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Gael Monfils interview: Roland Garros, showmanship, Svitolina and Skai



The Athletic

In 2004, the four boys’ Grand Slam titles were split between two 17-year-olds.

Three went to whoever was considered the most talented, the last to probably the second best player – who even then was unwilling to accept that he was second best.

The former had a very good career: a permanent fixture in the world’s top 20, peaking at number 6, with two Grand Slam semi-finals. The second player, the inferior junior, had an outstanding career: three major titles, two Olympic gold medals, a Davis Cup victory and the No. 1 ranking in the world. He did this by maximizing every last drop of his talent, while the other player was seen as not fully realizing his potential.

Twenty years after these junior triumphs, both are approaching the end of their careers. The most successful player is eight months younger, but closer to retirement; Battling injuries for seven years has pushed his body to its limits.

The other player is enjoying a late renaissance after struggling with injuries himself for a few years, but is now ranked 37th at the age of 37, the oldest player in the world’s top 50. He is loved for his showmanship and shooting skills, but is also one of the biggest crowd pleasers wherever he goes, especially at Roland Garros, in his home city of Paris.

On Monday evening, Gael Monfils Court delighted Philippe-Chatrier again for a few hours during the prime night session. It wasn’t just that he defeated Brazilian 24-year-old Thiago Seyboth Wild in four sets, it was also the way he did it: a cavalcade of running forehand passes, leaping backhand volleys and interactions with the crowd.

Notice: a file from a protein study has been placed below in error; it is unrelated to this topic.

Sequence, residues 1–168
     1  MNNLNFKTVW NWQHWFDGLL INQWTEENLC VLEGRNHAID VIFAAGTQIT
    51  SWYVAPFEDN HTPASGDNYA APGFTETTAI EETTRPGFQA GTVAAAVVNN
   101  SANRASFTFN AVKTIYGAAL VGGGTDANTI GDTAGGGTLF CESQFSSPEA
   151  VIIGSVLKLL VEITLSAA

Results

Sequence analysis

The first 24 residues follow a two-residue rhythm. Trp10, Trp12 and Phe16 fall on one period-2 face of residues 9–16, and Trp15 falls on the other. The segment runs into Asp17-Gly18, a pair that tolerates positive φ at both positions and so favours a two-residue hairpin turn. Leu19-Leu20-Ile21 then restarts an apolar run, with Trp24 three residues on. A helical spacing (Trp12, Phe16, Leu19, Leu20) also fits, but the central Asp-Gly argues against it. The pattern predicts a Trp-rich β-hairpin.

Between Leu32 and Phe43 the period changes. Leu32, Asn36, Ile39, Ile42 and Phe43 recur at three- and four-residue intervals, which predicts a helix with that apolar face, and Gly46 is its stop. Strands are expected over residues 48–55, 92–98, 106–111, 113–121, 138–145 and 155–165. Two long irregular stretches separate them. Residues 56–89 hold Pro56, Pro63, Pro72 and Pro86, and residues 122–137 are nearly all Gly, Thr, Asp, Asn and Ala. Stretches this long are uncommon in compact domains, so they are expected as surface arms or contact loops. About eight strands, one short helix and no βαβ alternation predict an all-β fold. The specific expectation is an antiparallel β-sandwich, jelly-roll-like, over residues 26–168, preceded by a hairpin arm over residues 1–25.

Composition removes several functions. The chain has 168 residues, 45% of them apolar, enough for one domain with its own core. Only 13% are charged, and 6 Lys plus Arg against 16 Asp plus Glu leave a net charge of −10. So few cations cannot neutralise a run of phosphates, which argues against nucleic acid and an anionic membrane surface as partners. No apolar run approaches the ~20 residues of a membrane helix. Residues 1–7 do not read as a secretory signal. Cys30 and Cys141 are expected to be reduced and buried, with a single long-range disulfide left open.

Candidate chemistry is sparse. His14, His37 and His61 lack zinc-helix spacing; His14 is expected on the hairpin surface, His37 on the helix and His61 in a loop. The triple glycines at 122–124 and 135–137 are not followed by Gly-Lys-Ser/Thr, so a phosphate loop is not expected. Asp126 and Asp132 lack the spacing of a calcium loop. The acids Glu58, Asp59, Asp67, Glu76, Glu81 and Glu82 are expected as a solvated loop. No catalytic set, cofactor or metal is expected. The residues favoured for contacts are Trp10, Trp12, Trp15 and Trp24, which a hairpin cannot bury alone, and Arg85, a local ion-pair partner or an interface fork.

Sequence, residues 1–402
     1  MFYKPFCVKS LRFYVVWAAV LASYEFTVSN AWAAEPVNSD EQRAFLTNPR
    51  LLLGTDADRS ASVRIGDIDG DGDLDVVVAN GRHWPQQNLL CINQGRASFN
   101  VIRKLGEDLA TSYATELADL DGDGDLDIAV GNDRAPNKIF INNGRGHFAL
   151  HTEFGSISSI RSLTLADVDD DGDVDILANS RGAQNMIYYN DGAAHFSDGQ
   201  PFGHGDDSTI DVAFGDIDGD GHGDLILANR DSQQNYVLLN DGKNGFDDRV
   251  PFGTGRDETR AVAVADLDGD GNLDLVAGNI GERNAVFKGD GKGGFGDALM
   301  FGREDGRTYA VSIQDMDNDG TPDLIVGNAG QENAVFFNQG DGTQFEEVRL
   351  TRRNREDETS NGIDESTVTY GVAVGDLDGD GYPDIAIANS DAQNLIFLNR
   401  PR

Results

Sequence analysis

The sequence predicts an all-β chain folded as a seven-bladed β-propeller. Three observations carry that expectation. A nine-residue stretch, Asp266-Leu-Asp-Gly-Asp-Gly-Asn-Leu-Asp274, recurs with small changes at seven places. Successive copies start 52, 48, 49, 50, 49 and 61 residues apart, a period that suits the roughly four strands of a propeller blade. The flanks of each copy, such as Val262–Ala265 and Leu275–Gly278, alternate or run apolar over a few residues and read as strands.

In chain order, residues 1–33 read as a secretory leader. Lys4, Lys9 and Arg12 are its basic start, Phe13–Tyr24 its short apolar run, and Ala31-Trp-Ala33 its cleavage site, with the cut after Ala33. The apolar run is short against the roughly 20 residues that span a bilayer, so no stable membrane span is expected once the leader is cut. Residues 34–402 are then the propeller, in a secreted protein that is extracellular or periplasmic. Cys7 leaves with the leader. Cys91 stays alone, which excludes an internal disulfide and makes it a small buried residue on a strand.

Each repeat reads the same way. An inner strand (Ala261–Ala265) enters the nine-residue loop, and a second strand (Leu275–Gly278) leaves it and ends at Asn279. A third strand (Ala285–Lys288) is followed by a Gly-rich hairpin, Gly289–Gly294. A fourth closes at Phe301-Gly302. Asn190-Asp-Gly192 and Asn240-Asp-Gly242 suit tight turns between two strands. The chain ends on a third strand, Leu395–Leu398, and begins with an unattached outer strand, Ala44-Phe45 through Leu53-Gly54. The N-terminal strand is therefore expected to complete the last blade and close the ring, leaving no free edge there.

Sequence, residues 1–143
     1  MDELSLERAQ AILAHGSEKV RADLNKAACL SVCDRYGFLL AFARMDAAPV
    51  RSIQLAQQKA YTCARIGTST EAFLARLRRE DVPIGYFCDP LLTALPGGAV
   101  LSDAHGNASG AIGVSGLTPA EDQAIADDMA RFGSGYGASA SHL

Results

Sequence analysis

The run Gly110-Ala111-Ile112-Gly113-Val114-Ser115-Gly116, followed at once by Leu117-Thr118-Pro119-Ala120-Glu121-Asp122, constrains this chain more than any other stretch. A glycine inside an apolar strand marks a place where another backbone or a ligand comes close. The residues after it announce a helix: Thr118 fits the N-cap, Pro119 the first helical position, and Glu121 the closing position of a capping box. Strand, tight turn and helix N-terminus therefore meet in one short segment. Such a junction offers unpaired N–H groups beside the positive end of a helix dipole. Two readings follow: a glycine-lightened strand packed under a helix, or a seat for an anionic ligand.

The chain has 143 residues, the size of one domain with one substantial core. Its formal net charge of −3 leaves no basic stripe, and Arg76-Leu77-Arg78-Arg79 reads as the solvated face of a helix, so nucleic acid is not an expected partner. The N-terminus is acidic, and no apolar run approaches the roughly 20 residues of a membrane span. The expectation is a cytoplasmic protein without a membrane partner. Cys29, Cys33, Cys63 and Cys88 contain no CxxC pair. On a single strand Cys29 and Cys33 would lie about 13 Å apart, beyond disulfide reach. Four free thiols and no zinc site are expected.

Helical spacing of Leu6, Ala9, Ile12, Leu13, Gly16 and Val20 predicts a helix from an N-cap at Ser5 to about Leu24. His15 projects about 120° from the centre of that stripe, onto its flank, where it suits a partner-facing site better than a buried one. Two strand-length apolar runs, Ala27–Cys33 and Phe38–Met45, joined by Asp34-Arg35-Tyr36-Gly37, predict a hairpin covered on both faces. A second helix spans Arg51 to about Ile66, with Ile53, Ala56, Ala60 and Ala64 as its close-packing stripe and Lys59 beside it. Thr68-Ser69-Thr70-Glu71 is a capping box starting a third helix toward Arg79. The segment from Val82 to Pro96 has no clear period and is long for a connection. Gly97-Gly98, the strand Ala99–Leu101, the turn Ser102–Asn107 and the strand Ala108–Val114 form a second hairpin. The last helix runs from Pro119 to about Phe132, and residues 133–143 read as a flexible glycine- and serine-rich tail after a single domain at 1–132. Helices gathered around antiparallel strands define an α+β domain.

Twenty-four hours earlier, his former junior rival – Andy Murray – took to the same court to take on Stan Wawrinka. Murray, back from his last fight with an injury, competed well for a few sets but succumbed 6-4, 6-4, 6-2. It is expected to be his last French Open.

Monfils plays against Murray during the first round of Roland Garros in 2006 (Eric Feferberg/AFP via Getty Images)

For a long time, Murray could be used as a stick to beat Monfils with; the contemporary who showed what was possible with additional application. Over time, however, that comparison has become easy. The idea that Monfils isn’t properly committed is foolish – he has twelve titles himself – and their divergent careers are on their own terms.

Defined by a level of dedication that would make most mere mortals shudder, Murray managed to infiltrate the pinnacle of men’s tennis at its modern-day peak and stay there. Monfils, without the promised major titles, is still one of the most popular players on the tour, occupying stadiums around the world. No wonder, if he does things like this…

Monfils certainly doesn’t regret it.

“Impossible,” he countered The Athletics in a conversation on the eve of the tournament.